UPDATED ON AUG 10, 2017 10:25 AM IST
5 / 10
A construction worker transports bricks for the reconstruction of destroyed building in the Old City of Mosul. (REUTERS)

A construction worker transports bricks for the reconstruction of destroyed building in the Old City of Mosul. (REUTERS)

UPDATED ON AUG 10, 2017 10:25 AM IST
6 / 10
University of Mosul students walk outside the campus in Mosul.In light of the extensive damage to the city, initial stabilisation of basic infrastructural facilities in Mosul which includes repairing water, sewage and electrical infrastructure as well as reopening schools and hospitals is estimated to cost over $1 billion. (Khalid al Mousily / REUTERS)

University of Mosul students walk outside the campus in Mosul.In light of the extensive damage to the city, initial stabilisation of basic infrastructural facilities in Mosul which includes repairing water, sewage and electrical infrastructure as well as reopening schools and hospitals is estimated to cost over $1 billion. (Khalid al Mousily / REUTERS)

UPDATED ON AUG 10, 2017 10:25 AM IST
7 / 10
An Iraqi woman shops in the souk in the East of Mosul, Iraq. As coalition forces reached the eastern part of Mosul, retaking it earlier in the year life sprang back up with markets, vendors and businesses emerging along blown up, debris riddled streets. (REUTERS)

An Iraqi woman shops in the souk in the East of Mosul, Iraq. As coalition forces reached the eastern part of Mosul, retaking it earlier in the year life sprang back up with markets, vendors and businesses emerging along blown up, debris riddled streets. (REUTERS)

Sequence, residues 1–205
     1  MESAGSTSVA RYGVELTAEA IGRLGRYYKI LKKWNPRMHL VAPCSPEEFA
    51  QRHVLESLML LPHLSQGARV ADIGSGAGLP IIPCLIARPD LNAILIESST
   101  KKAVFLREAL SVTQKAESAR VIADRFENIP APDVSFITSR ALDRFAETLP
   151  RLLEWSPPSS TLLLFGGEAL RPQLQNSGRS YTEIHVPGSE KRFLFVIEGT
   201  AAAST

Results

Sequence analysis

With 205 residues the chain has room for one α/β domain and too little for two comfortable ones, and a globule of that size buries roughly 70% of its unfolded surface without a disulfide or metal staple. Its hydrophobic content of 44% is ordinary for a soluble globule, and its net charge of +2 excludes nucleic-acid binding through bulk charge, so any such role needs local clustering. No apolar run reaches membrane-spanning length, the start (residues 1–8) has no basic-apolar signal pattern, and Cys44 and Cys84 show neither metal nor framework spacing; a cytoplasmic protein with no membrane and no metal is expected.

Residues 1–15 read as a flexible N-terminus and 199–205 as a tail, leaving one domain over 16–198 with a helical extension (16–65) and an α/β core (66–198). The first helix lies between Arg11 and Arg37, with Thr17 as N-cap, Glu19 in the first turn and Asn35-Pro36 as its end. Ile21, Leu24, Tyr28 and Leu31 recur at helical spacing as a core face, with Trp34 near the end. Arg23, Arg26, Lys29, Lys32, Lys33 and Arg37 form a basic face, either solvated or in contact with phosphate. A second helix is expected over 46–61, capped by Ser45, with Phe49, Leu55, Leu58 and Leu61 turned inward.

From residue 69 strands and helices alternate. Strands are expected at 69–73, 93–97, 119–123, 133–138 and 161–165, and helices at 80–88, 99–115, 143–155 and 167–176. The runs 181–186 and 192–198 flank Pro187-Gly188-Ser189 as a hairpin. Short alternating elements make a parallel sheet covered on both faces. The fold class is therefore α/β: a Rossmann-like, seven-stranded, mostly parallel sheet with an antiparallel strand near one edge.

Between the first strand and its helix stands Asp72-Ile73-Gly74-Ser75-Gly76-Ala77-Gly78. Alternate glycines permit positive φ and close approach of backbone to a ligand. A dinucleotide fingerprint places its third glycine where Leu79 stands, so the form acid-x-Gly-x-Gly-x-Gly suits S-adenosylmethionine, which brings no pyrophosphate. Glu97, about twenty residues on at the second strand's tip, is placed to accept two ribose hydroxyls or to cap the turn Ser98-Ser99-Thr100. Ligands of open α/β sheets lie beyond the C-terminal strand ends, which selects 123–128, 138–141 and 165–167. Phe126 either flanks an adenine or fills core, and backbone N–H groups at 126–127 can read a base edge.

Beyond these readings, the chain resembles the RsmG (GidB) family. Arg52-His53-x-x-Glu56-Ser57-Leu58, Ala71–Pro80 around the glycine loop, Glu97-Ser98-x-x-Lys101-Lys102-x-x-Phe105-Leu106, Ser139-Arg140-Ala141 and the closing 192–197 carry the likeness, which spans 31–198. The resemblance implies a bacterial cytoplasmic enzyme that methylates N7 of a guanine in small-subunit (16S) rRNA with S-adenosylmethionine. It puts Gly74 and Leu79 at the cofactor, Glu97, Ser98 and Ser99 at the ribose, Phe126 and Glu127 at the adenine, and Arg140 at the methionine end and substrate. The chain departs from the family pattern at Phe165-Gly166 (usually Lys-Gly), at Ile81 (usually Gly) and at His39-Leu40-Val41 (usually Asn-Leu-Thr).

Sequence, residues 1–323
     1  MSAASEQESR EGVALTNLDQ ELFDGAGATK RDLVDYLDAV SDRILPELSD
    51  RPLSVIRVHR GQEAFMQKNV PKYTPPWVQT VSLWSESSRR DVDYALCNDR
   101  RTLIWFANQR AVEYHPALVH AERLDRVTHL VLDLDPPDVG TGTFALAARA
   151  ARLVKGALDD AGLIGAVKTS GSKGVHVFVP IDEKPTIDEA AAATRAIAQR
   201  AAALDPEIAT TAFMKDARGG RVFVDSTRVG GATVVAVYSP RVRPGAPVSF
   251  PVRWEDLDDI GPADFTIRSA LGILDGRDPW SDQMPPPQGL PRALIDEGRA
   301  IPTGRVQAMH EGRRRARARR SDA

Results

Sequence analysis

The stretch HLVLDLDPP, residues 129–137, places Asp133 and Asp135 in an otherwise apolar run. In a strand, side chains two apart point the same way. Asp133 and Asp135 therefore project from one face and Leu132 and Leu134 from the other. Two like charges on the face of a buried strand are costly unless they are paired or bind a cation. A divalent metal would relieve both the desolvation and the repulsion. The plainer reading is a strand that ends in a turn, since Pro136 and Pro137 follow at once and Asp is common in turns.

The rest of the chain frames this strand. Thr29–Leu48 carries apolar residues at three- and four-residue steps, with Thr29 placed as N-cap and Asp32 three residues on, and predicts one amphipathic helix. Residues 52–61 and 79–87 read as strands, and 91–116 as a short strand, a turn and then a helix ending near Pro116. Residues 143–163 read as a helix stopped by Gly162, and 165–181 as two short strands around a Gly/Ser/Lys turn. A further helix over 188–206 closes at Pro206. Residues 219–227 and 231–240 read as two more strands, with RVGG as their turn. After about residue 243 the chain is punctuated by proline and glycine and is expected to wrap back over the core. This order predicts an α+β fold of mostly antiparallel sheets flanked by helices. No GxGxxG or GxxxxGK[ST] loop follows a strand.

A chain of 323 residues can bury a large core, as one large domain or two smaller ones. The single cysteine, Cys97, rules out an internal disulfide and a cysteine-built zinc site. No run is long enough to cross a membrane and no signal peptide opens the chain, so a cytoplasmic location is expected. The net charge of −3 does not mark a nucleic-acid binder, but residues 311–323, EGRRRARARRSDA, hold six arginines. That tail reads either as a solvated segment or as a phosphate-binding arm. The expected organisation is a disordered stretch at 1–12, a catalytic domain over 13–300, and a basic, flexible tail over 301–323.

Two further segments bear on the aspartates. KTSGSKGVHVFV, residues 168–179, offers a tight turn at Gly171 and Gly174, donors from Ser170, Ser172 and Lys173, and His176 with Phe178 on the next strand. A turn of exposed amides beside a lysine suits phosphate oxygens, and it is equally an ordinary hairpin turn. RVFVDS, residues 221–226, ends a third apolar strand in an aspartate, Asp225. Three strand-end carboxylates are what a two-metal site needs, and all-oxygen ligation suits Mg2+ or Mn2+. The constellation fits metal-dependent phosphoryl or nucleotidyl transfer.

UPDATED ON AUG 10, 2017 10:25 AM IST
8 / 10
Mosul’s economy had stalled under IS rule with many government employees deprived of their salaries. This has left inhabitants with little money to spare and rebuild a new life. (REUTERS)

Mosul’s economy had stalled under IS rule with many government employees deprived of their salaries. This has left inhabitants with little money to spare and rebuild a new life. (REUTERS)

UPDATED ON AUG 10, 2017 10:25 AM IST
9 / 10
Iraqi men play dominos at a cafe in the old city in west Mosul, one among growing sights of people foregoing the torment of past years and picking their lives back up. (SAFIN HAMED / AFP)

Iraqi men play dominos at a cafe in the old city in west Mosul, one among growing sights of people foregoing the torment of past years and picking their lives back up. (SAFIN HAMED / AFP)

UPDATED ON AUG 10, 2017 10:25 AM IST
10 / 10
As life slowly recedes to normalcy, the residents of Mosul are still haunted by the dead bodies still buried under the rubble of the Old City. Mosul’s road to recovery however still seems a long arduous journey in the face of a collapsed economy and an ancient city left a shell of its former self. (Suhaib Salem / REUTERS)

As life slowly recedes to normalcy, the residents of Mosul are still haunted by the dead bodies still buried under the rubble of the Old City. Mosul’s road to recovery however still seems a long arduous journey in the face of a collapsed economy and an ancient city left a shell of its former self. (Suhaib Salem / REUTERS)

UPDATED ON AUG 10, 2017 10:25 AM IST
SHARE
Story Saved